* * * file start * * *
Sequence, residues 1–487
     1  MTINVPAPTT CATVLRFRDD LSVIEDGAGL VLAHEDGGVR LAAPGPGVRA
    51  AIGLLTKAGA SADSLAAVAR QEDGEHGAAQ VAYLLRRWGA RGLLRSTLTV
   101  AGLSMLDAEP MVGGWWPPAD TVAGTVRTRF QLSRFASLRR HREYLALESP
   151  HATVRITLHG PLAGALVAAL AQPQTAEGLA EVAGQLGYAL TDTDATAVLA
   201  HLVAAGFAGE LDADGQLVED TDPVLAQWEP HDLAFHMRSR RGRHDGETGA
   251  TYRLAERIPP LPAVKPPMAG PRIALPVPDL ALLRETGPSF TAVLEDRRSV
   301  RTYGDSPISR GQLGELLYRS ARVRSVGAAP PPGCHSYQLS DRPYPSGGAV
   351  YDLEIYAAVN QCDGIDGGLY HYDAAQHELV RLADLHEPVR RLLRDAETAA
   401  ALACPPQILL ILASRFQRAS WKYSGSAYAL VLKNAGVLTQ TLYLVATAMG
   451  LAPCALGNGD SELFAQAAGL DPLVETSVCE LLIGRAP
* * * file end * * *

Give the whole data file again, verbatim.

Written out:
Sequence, residues 1–487
     1  MTINVPAPTT CATVLRFRDD LSVIEDGAGL VLAHEDGGVR LAAPGPGVRA
    51  AIGLLTKAGA SADSLAAVAR QEDGEHGAAQ VAYLLRRWGA RGLLRSTLTV
   101  AGLSMLDAEP MVGGWWPPAD TVAGTVRTRF QLSRFASLRR HREYLALESP
   151  HATVRITLHG PLAGALVAAL AQPQTAEGLA EVAGQLGYAL TDTDATAVLA
   201  HLVAAGFAGE LDADGQLVED TDPVLAQWEP HDLAFHMRSR RGRHDGETGA
   251  TYRLAERIPP LPAVKPPMAG PRIALPVPDL ALLRETGPSF TAVLEDRRSV
   301  RTYGDSPISR GQLGELLYRS ARVRSVGAAP PPGCHSYQLS DRPYPSGGAV
   351  YDLEIYAAVN QCDGIDGGLY HYDAAQHELV RLADLHEPVR RLLRDAETAA
   401  ALACPPQILL ILASRFQRAS WKYSGSAYAL VLKNAGVLTQ TLYLVATAMG
   451  LAPCALGNGD SELFAQAAGL DPLVETSVCE LLIGRAP